200 津軽石 Tsugaruishi,Iwate 1985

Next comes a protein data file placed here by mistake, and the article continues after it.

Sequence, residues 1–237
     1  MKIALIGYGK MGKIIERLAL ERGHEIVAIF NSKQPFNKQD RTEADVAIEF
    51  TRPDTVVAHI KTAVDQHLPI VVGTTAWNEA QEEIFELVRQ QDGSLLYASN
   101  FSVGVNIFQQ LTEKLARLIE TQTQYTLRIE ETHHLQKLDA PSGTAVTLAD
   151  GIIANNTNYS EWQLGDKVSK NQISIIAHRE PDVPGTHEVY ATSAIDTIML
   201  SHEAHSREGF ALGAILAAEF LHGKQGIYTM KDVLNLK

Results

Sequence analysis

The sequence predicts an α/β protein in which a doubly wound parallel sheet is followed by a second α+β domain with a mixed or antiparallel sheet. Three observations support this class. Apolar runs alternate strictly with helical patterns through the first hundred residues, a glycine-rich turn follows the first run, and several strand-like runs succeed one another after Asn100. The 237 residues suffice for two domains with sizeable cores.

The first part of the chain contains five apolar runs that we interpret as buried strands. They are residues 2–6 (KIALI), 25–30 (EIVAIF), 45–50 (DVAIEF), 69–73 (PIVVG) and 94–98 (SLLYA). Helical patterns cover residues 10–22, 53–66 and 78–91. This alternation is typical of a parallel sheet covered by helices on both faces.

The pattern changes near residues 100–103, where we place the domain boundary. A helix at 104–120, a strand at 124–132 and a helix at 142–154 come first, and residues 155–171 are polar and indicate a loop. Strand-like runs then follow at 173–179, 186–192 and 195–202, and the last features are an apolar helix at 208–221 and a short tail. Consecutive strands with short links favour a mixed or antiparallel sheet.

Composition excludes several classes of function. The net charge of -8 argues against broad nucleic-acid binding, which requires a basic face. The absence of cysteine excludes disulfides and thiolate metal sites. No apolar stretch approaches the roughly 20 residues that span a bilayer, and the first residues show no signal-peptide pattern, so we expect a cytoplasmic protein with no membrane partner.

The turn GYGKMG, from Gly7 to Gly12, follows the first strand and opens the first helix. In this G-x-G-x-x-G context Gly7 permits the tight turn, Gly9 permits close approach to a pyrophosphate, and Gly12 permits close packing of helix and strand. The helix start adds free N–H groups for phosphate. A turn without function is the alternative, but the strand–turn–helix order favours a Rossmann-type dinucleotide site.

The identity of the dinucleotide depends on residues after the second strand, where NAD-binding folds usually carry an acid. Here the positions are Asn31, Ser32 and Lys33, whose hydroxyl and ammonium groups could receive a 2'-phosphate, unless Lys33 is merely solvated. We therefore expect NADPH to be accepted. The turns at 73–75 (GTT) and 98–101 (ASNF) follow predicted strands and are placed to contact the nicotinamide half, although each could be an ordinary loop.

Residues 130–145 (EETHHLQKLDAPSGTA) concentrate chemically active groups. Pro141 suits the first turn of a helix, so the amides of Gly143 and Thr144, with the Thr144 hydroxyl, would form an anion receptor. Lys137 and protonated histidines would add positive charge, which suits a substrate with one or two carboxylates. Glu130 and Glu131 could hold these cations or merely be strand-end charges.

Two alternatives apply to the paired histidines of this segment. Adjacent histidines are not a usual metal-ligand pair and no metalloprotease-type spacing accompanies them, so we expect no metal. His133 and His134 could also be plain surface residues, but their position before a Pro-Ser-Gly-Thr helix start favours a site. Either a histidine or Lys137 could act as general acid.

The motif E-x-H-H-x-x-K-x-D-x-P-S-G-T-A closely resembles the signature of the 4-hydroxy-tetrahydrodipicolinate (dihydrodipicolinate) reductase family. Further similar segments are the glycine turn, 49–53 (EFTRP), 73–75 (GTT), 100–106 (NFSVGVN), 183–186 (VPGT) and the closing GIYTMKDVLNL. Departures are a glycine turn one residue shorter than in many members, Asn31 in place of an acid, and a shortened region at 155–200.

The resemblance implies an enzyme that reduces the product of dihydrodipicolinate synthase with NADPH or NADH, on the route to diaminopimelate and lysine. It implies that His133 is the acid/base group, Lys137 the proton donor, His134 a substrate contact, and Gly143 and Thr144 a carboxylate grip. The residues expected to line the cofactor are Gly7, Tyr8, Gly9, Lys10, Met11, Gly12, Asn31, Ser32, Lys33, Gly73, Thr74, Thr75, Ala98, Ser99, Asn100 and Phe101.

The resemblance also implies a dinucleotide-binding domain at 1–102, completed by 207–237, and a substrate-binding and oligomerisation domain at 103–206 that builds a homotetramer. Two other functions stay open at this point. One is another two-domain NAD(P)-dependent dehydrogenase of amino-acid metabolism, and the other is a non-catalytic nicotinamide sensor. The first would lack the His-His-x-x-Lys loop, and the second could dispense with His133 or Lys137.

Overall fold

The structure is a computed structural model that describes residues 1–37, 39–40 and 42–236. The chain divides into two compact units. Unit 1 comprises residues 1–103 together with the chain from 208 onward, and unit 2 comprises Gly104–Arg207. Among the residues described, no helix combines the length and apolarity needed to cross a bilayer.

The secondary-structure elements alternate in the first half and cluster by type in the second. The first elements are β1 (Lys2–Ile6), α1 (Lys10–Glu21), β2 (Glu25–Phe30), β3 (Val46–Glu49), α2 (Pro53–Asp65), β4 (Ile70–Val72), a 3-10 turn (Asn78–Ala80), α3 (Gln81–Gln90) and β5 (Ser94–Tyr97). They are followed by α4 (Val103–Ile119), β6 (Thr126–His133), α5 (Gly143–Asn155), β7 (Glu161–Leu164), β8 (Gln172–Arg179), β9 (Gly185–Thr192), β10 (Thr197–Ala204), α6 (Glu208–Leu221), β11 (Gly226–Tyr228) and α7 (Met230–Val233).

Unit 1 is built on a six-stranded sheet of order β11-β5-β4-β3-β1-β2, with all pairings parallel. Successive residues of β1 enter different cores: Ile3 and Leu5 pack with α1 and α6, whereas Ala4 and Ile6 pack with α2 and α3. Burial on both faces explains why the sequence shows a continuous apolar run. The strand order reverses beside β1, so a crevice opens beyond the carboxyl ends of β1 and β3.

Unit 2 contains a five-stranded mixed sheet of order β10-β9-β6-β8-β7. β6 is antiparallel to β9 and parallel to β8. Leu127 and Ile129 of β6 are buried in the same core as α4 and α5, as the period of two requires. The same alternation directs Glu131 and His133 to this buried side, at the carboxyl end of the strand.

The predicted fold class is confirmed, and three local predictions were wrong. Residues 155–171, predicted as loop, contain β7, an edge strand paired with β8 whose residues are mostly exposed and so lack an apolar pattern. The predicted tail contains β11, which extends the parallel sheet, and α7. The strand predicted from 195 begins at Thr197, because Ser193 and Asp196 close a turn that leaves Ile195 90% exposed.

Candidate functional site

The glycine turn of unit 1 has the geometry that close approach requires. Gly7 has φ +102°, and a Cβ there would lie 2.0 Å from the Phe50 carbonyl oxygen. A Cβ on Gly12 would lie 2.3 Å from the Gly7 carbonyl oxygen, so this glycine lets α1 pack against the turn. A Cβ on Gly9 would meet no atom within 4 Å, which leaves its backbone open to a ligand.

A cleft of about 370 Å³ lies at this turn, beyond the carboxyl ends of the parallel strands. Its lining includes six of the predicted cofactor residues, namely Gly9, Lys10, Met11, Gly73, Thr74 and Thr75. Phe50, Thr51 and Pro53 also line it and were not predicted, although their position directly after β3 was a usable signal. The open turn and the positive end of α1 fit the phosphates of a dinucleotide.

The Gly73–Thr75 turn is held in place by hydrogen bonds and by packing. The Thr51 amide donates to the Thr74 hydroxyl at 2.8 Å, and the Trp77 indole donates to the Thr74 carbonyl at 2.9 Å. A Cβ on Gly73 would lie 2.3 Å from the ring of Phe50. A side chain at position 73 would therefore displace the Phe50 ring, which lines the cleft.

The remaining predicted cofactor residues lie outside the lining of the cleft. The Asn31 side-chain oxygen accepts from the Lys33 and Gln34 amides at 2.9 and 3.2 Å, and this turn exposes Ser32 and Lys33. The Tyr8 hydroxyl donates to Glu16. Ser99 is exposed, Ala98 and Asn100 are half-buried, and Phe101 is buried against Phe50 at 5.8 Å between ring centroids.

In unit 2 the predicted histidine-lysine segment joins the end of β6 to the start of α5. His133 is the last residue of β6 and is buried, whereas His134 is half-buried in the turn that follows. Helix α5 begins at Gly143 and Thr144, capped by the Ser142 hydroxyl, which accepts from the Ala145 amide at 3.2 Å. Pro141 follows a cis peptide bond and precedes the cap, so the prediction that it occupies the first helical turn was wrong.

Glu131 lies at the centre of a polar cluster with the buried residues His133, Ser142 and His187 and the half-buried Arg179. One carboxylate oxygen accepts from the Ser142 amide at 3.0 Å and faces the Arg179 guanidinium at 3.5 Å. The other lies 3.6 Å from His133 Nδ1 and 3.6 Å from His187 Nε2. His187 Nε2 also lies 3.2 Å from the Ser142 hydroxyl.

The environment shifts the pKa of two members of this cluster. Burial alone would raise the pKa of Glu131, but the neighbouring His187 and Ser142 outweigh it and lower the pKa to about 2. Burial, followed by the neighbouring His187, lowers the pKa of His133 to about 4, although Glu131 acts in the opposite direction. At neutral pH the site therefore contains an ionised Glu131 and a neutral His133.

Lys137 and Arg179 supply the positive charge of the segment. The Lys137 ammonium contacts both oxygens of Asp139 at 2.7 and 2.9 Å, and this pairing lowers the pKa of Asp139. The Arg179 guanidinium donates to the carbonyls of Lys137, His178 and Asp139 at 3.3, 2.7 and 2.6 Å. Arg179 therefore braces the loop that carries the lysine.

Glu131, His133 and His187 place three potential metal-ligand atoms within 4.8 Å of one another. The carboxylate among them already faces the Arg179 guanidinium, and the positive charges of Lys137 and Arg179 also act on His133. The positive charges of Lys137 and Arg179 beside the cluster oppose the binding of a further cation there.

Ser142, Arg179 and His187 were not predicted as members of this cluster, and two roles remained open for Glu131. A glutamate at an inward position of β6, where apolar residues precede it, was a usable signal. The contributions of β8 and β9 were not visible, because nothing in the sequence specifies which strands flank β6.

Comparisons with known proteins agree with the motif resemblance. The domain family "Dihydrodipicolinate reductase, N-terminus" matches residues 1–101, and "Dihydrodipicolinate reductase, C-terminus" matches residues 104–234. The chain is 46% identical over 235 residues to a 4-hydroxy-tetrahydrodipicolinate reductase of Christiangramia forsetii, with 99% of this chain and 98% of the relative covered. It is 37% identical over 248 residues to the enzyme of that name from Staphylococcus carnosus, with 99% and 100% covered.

The hazy horizon stretches endlessly beyond the breakwater. There, I had just seen a sailor in blue shirt, hastily preparing for departure on a deck. Sailing away, the foreign ship eventually became small as a dot, as if it were being swallowed by the sea. The bus halted at the stop in front of a variety store, where three vending machines stood side by side. No one got off. The bus started moving again, turned the corner of a cross section and disappeared into the scene of the neighborhood . A man with a straw hat, tied with a towel , approached on a bicycle from the small pass leading to a pine wood. The rhythm of his pedaling feet was strangely synchronized with the splashes of the waves against the beach, where fish nets hung to dry. There was no one to be seen at the rather small fish market. A gash of wind hurled a styrofoam box for the fish, making it disappear into the bottom of a half-painted boat which was on the shore fore repairs. I guessed there had been a festival , because a "torii " (a gateway at the entrance to the Shinto shrine) with a brand new "shimenawa" (an ornament for "torii")was visible. By its side, there stood a mercury lamp, forgotten to be turned off. On top of its rusting pole, the lamp was burning dull and white as if were being bullied by the sunlight. About an hour passed. I heard a small sigh, coming from the opposite bench from where one could get a full view of the sea and the city. A little while ago, when I had reached the lighthouse at the top of a cape, after climbing a long stairway, I had met a boy in a white open-necked shirt, holding a sketch book with a few lines drawn, under his arm. He had told me not to look until it was finished. I stepped over the white chain with many coats of paint on it, and peeked quietly. There, the boy was standing proudly with his picture, which looked as if the lighthouse had cast its shadow on the sketchbook.